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College of Science & Engineering


Photo of food in the kitchen

As TCU prepares for a socially distanced fall semester, CSE professors have adjusted courses to best serve students and their academic goals. Associate Professor of Professional Practice Rebecca Dority is using the unique circumstances of the COVID-19 pandemic to incorporate new components to her Contemporary Issues in Nutrition course. The course and accompanied lab are focused on nutrition and food science that impact individuals and span the global community.

In the fall, Dority’s course and lab will take place online, yet students will interact with new subject matter experts as guest speakers on popular topics students are most interested in such as sports nutrition and eating disorders.

“The online delivery has surprisingly provided me with more flexibility to explore topics that we do not always have time to discuss in class,” Dority said. “I do not have to worry about finding local guest speakers or asking those speakers to take away from their personal commitments in order to travel to campus. Instead, they can join us on Zoom for a designated timeframe.”

Dority taught this course online in the May summer term, and lab discussions involved Lab Coordinator Kate Evans conducting a live stream cooking demonstration of various healthy meals where students can ask questions and interact with the instructor in real time. This method encouraged discussion about the demonstration and allowed a deeper conversation about barriers that may impede cooking healthy meals at home.

“In the past, we took students on a field trip to Tarrant Area Food Bank for a site tour followed by volunteer service hours. Since we are not able to do that, the lab has been adapted to address the current pandemic and compare and contrast food banks pre-pandemic and today,” she said. “For example, students watch food bank promotional videos and describe how they believe these videos would be different if they were made today due to volunteer protocols and changes in target markets. They also research their local food bank to determine how their needs and operations have changed due to the pandemic. Finally, they research alternative programs or services that provide food to the community in need and evaluate ease of locating the services, as well as accessibility of those services.”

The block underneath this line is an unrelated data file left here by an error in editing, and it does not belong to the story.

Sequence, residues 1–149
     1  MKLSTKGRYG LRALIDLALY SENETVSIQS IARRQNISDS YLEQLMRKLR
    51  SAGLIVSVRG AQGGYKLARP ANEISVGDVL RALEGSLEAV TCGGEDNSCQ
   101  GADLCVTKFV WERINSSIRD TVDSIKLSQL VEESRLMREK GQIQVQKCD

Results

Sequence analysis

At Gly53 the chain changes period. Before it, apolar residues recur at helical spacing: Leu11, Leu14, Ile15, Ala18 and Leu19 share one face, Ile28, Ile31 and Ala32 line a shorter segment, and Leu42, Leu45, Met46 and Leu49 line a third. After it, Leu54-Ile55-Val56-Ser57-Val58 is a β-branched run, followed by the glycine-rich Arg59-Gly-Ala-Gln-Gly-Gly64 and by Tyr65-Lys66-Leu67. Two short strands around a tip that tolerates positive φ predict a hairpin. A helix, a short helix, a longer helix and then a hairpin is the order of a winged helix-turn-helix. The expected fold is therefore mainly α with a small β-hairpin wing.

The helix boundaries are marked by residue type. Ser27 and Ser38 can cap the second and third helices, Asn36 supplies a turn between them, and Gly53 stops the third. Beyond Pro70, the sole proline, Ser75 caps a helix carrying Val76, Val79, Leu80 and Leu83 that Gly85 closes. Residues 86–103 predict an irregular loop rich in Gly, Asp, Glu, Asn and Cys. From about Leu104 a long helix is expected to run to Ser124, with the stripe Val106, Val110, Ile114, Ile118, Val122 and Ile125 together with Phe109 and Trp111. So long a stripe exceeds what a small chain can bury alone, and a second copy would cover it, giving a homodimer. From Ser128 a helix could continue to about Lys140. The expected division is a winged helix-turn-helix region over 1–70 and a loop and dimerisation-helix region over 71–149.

Photo of Pamela Watson and Haley Werner
Pamela Watson and Haley Werner speak to class over the summer term

Gina Hill, associate professor of nutritional sciences, is teaching several courses online this fall, including an undergraduate research course in which students prepare a research protocol for approval by the Institutional Review Board (IRB) and subsequently collect and analyze their research data. One of her groups is partnering with the City of Fort Worth regarding the city’s composting program. Another research group will examine the impact of the pandemic on dietary, food usage, food security and health behaviors.

Many of Hill’s courses also utilize guest speakers from various agencies and health care centers, which is typical of her course, however some new speakers from outside the Fort Worth area will have the opportunity to visit her class digitally through Zoom. The content experts will present on topics such as the Special Supplemental Nutrition Program for Women, Infants, and Children (WIC), human milk banking, the National School Lunch Program, food insecurity, adolescent eating disorders, feeding and swallowing issues, and metabolic disorders. 

Hill’s other courses that require extensive ground work during class to practice new concepts will be adapted online as well through the use of Zoom “breakout rooms,” since the activities would not work accordingly even in a socially distanced classroom.

“Some of these activities that the students will work on include things such as ethics scenario questions, miniature case studies, practice problems calculating and interpreting anthropometric or biochemical (lab) data, making nutrition diagnoses and nutrition intervention plans, providing nutrition counseling via role play, and utilizing our profession’s Evidence Analysis Library to answer simulated client questions,” Hill said.

With safety and health protocols as a top priority, faculty in the Department of Nutritional Sciences remain optimistic about the added benefits and opportunities online courses will offer students in the fall.